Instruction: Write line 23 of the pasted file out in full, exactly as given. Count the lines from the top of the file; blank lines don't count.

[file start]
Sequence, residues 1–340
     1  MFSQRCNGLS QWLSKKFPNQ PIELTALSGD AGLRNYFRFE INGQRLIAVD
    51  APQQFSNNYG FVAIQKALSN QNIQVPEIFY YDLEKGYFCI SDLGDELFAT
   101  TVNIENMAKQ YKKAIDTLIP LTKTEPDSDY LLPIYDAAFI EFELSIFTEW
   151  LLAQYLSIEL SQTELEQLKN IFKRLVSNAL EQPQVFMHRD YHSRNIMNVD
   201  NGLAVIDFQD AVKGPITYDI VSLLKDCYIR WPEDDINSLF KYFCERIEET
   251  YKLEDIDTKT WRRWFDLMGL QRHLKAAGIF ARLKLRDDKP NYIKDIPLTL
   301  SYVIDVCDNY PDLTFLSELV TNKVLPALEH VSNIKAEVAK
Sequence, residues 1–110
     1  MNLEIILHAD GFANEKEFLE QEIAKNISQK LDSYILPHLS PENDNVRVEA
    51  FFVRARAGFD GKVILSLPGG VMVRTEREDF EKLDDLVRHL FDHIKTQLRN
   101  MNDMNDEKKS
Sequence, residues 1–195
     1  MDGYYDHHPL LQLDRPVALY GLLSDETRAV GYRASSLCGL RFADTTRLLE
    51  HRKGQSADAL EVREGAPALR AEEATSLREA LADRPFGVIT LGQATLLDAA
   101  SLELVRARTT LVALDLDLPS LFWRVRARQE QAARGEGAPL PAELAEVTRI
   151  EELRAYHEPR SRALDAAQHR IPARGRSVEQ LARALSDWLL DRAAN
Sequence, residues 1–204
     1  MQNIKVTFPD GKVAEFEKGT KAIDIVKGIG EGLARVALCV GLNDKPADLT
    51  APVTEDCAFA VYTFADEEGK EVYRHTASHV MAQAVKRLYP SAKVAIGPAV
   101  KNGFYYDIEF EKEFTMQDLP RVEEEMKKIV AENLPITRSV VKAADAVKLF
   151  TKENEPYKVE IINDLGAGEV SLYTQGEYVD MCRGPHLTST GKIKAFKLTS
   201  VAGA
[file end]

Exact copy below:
   201  VAGA